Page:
FORT BLISS, Texas –
U.S. Air Force Defenders tested and validated the career field’s operations for base defense in the New Mexico desert Oct. 23-27 during the inaugural Defender Flag field exercise.
More than 180 Defenders from every major command participated in the event, thanks to help from support agencies, Headquarters Air Force, the Air Force Installation and Mission Support Center and the Air Force Security Forces Center.
The live-fire exercise provided realistic assessment and validation of base defense tactics, techniques and procedures during intense, realistic scenarios, said Lt. Col. Christopher Jackson, chief of the AFSFC’s Security Forces Training Support Division and event lead for both Defender Flag and Defender Challenge. It also tested and evaluated new concepts, TTPs and equipment, identifying potential gaps and needed changes to the career field training curriculum.
The field exercise was conducted simultaneously with Defender Challenge, the security forces competition to determine the best-of-the-best in combat tactics, weapons proficiency and physical endurance. Both events, hosted by the Air Force Security Forces career field, were planned and executed by the AFSFC.
The team members who helped put together Defender Flag had a tremendous amount of pressure on their shoulders, Jackson said.
“The countless members of the team who helped put together Defender Flag knew how important the event would be to help us get ready for the next fight,” the lieutenant colonel said. “They knew the mission planning was absolutely critical and even more important was collecting data we can use for TTPs to inform training and equipment we’ll need for the future fight.”
The fight of yesterday looks different than what is needed for the fight of tomorrow,” said Brig. Gen. Thomas Sherman, Air Force director of security forces. “Strategic competition is our primary national security challenge and events like Defender Flag and Defender Challenge are paramount to our career field’s success.”
The security forces career field is in an evolutionary period, he added, so holding Defender Flag at this time was important.
“This exercise is helping the career field assess Defender skillsets in challenging environments and testing innovative tactics to solve difficult problems,” the general said, with lessons applied across the force.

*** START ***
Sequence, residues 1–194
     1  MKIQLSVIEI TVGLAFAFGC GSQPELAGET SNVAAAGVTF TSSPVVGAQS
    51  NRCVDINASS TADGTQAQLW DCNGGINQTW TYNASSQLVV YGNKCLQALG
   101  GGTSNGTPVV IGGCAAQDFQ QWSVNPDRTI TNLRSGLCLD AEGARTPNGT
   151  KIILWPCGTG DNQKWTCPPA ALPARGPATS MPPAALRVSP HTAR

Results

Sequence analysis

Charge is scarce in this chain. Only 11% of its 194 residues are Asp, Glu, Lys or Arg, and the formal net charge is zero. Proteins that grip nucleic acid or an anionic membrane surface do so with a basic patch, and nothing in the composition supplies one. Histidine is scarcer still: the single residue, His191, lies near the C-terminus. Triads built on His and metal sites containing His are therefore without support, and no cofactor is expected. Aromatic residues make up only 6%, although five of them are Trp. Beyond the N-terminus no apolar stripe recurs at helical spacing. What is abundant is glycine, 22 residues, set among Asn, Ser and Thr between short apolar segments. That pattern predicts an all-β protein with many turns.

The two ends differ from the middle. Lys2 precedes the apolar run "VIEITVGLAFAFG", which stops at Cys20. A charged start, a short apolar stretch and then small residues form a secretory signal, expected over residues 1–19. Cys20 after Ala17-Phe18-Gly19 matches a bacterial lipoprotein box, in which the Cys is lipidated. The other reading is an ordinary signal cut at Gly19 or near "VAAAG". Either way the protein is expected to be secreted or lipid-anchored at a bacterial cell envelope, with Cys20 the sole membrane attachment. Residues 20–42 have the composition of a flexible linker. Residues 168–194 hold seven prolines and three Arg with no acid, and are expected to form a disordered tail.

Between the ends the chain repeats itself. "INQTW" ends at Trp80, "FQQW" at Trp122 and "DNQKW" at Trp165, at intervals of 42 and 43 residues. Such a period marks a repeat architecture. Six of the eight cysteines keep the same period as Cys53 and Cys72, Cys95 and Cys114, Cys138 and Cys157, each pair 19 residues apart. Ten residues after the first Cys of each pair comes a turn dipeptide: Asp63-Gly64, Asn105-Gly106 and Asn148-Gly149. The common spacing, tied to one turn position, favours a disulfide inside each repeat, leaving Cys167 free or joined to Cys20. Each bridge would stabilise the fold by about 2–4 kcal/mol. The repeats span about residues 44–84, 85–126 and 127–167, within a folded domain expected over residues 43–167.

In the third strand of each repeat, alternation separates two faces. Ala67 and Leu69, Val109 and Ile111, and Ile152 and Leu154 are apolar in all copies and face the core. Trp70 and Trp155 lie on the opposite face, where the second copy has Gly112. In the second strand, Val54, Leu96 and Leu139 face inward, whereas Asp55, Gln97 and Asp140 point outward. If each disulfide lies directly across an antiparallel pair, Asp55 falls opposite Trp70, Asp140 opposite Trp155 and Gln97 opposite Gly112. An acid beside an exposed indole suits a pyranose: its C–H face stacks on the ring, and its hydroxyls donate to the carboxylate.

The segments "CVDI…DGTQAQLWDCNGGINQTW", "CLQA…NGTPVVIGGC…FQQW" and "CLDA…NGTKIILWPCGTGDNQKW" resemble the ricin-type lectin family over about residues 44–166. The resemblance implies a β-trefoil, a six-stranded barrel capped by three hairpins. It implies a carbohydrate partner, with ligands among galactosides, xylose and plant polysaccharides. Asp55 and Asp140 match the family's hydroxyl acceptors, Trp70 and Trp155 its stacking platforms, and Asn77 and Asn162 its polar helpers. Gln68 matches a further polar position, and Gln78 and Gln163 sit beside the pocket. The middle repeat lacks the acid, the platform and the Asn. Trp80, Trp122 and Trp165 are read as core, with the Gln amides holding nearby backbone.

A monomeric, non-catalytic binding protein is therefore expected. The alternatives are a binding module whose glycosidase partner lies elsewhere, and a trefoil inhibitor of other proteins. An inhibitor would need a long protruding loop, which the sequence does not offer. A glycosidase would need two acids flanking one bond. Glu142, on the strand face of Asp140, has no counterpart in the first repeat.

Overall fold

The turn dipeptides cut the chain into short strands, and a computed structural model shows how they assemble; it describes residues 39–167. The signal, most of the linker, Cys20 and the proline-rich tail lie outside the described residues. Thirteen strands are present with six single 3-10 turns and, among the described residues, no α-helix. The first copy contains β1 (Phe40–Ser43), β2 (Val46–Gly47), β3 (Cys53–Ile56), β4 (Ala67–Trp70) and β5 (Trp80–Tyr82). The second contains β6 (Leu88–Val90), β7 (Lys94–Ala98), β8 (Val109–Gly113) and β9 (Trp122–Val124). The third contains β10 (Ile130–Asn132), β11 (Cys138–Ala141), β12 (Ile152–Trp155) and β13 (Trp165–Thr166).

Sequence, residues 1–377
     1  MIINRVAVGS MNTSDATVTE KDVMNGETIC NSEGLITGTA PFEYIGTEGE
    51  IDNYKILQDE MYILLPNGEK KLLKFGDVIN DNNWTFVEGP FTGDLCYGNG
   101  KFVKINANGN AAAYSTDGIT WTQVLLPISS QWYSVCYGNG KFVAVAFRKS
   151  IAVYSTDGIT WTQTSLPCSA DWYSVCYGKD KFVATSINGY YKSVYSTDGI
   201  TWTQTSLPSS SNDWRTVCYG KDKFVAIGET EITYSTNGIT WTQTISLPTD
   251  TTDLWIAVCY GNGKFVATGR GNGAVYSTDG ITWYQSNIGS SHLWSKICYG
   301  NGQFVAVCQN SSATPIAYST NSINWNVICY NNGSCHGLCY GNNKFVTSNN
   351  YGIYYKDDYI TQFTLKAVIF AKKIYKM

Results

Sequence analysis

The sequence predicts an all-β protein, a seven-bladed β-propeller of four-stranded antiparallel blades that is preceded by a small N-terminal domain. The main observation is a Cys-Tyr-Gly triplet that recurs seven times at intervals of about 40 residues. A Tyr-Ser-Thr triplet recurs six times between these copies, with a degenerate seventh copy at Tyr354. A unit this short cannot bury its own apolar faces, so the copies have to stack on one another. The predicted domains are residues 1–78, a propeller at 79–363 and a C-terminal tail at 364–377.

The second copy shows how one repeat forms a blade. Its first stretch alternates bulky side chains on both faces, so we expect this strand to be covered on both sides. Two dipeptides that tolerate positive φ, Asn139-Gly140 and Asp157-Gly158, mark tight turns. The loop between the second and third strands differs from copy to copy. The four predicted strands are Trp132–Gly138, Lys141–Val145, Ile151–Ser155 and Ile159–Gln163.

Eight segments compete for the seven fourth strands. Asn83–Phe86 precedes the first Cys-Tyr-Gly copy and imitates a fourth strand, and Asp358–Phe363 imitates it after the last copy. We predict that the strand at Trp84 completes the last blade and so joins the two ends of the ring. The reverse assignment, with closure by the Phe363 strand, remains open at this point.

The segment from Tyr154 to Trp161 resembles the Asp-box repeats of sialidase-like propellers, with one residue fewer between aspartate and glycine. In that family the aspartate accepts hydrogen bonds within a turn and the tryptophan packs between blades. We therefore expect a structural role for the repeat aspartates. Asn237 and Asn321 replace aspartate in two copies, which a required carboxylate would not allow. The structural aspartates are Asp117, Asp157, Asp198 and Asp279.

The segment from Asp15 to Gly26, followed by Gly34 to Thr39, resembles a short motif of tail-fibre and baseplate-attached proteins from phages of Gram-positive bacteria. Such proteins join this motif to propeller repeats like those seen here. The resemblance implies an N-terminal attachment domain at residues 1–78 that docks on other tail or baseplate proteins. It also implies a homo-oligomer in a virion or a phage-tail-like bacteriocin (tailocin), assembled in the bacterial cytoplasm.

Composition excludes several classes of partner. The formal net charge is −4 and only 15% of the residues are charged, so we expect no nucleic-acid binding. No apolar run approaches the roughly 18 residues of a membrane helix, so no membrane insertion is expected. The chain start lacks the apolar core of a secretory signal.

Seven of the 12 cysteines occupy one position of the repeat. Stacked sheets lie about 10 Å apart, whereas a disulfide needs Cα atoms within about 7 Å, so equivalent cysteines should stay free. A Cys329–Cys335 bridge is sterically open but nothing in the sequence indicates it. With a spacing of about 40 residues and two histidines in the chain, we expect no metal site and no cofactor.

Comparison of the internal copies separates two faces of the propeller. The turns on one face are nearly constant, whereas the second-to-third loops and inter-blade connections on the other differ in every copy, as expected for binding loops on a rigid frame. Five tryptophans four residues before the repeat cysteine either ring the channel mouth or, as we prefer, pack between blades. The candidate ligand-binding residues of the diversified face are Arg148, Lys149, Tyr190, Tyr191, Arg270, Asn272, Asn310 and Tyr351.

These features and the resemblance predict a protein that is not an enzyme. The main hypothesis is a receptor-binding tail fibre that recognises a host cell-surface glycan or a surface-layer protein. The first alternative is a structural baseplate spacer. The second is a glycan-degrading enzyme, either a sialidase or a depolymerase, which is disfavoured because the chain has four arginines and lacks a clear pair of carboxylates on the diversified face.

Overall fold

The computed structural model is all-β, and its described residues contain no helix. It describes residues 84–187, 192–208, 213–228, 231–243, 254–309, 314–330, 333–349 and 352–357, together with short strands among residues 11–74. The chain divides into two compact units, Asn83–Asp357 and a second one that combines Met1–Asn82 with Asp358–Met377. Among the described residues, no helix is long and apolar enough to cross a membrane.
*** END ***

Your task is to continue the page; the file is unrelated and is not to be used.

“We realize that the threats we’re seeing in strategic competition and the way the world is around us calls for a change. It calls for us to relook at ourselves and who we are, how we look at base defense and how we see ourselves as being the greatest contribution to the U.S. Air Force. What Defenders did during both events displayed our potential,” Sherman said. “We’re setting the course for the future … identifying what we are incredible at, the areas where we have gaps and how we need to sharpen our sword to be prepared for what lies ahead.”
Much has changed with security forces operations and training since 2015, said Chief Master Sgt. Donnie Gallagher, security forces career field manager, and “Defender Flag is arguably the most important thing going on right now in Defender Nation.
“We’re getting after things from a different mindset, trying to really see where we’re at,” the chief said. “Are we as good as we think we are, or do we have a lot of work to do? What we did last week will lay the foundation for things to come on how we evolve as a career field to get after the base defense mission, which has become our primary purpose.”
For the chief, Defender Flag was an eye-opening experience.
“It really pointed out some things we need to get after, maybe in our training environment at home station versus what we do at some of our readiness training venues,” he said. “It validated the importance of physical fitness. The sheer weight of our weapons, armor and heavy equipment points to the importance of being at the peak point of fitness. Therefore, we are looking at different physical training program options to reinforce this fact.”
For tactics and other aspects of security forces operations, “we need to get out the honing stone and sharpen the sword … but we’re looking pretty good,” Gallagher said.
Both Defender Flag and Defender Challenge help to make sure Defenders are trained and ready for the future fight.
They validated everything the Air Force did after the former Defender Next 32, or DEFNEXT, initiative which directed a more challenging and realistic training curriculum for Defenders, the chief explained.
“The strategy General Sherman is forming today will reshape what we’re getting after and how we support air power throughout the world,” Gallagher said. “We’re more than any law enforcement agency. Our biggest mission is getting after our peer-peer, near-peer global competitors. Change is coming.”